Fantasy Impact: The San Jose Sharks have acquired Brent Burns and a second-round pick in 2012 from the Minnesota Wild for Devin Setoguchi, prospect Charlie Coyle, and a first-round pick in 2011 (28th overall - Zack Phillips).
The Sharks get: That big, bruising, skilled defenseman that they sorely need.
The Wild get: A young 30-goal winger in Setoguchi, one of the top prospects in the game in Charlie Coyle, and Zack Phillips, whom we describe in the Fantasy Prospects Report (buy it here) as:
Zack Phillips, C
2010-11 Team: Saint John (QMJHL)
While Saint John forward Zack Phillips didn’t quite match teammate Jonathan Huberdeau’s 2010-11 output, there’s no reason that upwards of 20 or more spots should separate the two come June 24th. A heady, safe foil to Huberdeau’s razzle dazzle, the 6’0 180 lbs forward anchored both special teams units at times for the Sea Dogs en route to the Memorial Cup. A terrific student of the game who is seemingly always a step or two ahead of the play, Phillips doesn’t have the softest hands nor the quickest feet or even the biggest frame, but his compete level and strong defensive zone play more than make up for his other raw qualities. An underused but still lethal release completes a very enticing package. If you aren’t in a position to snag Huberdeau when Draft Day arrives in your pool, don’t panic- a perfectly good consolation prize should fall right into your lap.
Upside: Two-way center, 25-40-65+
Projected Round: Late 1st. See mock draft.
Fantasy Impact: Setoguchi should see increased ice time in Minnesota, who now boast a Top 6 of Mikko Koivu, Martin Havlat, Pierre-Marc Bouchard, Guillaume Latendresse, Setoguchi and Matt Cullen - in order of likely ice/PP time. Will that help his numbers? His numbers will go up, but they were bound to anyway. He was probably looking at a 50- or 55-point season in San Jose, and he's looking at that now, too. His arrival pushes Cal Clutterbuck out of the Top 6 (where he was misplaced) and spells the end of one of (or both) Andrew Brunette and Antti Miettinen, who are both UFA's this summer, in Minnesota. This also hurts the chances of James Sheppard and/or Casey Wellman elbowing their way into significant ice time.
For San Jose, provided Brent Burns is healthy, the team has improved dramatically. Burns has had three healthy seasons out of six, so it's a 50-50 proposition. But if healthy, the Sharks have a 6-5, 220-pound bruiser who should be good for 150 hits, tons of blocked shots and he can even play up on the wing in a pinch if needed. He's coming off of a 17-goal, 46-point campaign and he's only now entering his prime. If he never gets hurt again, he's a probable 20-goal, 55-point defenseman at minimum. His arrival puts the ki-bosh on any hope of big numbers from Jason Demers or ME Vlasic (not to mention Justin Braun).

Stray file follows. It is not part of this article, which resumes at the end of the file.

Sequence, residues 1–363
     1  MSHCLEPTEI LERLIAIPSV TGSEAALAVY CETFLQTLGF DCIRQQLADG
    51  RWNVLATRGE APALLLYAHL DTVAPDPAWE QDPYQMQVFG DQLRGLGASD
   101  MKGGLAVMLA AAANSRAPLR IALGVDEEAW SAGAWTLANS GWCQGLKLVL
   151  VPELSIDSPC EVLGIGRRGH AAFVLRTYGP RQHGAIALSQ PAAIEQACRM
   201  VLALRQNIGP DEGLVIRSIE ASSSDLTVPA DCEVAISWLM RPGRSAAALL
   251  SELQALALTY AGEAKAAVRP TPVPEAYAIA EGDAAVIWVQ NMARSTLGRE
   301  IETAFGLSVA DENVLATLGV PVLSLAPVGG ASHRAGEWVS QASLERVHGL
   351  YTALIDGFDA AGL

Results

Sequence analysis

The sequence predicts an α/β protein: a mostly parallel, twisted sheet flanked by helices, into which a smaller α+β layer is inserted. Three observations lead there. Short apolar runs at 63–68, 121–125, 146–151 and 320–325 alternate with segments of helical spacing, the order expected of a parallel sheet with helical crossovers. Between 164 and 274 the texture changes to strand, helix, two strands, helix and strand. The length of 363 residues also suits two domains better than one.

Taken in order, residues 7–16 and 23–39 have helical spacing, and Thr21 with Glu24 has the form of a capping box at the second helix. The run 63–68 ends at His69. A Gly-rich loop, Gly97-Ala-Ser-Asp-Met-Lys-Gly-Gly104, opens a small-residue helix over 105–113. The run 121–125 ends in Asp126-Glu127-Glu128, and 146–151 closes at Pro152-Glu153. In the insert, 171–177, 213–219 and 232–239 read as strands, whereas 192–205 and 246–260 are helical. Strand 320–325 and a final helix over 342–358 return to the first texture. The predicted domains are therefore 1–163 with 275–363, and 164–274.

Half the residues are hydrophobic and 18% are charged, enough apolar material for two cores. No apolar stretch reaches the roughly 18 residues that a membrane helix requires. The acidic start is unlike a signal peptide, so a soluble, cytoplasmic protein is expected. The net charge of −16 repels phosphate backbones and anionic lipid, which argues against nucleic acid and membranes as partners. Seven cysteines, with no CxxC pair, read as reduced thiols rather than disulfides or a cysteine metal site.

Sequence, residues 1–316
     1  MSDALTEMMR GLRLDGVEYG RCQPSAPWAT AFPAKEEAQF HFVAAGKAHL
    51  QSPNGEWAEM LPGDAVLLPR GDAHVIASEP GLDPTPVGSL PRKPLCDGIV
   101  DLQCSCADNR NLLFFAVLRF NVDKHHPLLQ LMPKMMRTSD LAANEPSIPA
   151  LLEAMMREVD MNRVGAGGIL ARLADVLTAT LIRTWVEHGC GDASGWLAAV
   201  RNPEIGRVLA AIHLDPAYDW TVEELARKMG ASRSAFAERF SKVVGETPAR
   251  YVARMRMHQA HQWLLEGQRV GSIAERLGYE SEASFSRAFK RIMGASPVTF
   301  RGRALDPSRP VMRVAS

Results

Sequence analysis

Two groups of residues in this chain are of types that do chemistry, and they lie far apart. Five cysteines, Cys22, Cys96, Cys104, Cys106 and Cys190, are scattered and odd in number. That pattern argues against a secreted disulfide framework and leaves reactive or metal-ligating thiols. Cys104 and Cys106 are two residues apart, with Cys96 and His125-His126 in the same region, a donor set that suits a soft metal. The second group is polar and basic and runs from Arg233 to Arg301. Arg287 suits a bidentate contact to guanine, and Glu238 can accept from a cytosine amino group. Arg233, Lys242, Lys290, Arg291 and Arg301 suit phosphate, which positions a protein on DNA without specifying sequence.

The Sharks don't have a lot of forwards in place and they just traded their top forward prospect. Seven are signed for next year, with another three as RFA's. But they have a Top 6, plus Jamie McGinn as a seventh to fill in for an injury, and I guess that's good enough for them.
Burns' departure leaves a gaping on the blue line in terms of the power play. And the battle will become interesting thanks to Maxim Noreau's trade to the Devils. My favorite? I think Cam Barker has run out of chances, so my sights are set on Marco Scandella and Jared Spurgeon. In the end, those two will split the stats, and that makes Spurgeon a solid dark horse (because Scandella is such a well-known prospect). He's small, but potentially he could flirt with 40 points this season.
Fantasy Players this helps, in order:
3. SJ PP (Thornton, Marleau, Heatley, Boyle)
Fantasy Players this hurts, in order:
As a bonus, I will provide you with our profile of Charlie Coyle in the Fantasy Prospects Report. If you find this uninteresting and unhelpful, then don't buy it here. If you like it, and want to see 400 other prospects this way, then support the site you read for free every day!
Charlie Coyle, C/RW (TY 33)
(LY – N/A)
Coyle is arguably one of the most improved prospects of the past year, surprising with how close he is to NHL readiness. We always knew that the size and strength was there, but packaging that with the soft hands and the surprising hockey sense has him leapfrogging over some highly-thought-of players. He still needs to improve his acceleration and he needs to shoot a lot more. But the latter can be taught and the former can be improved too, given that he already boasts good speed. The Sharks tend to graduate one top prospect per season, so it will be Coyle’s turn in 2012-13.
Upside: Tony Amonte (Coyle’s uncle), (30-45-75+, 70 PIM)
Certainty (NHLer; Upside): 90%; 40%
3YP: (26-34-60, 62 PIM)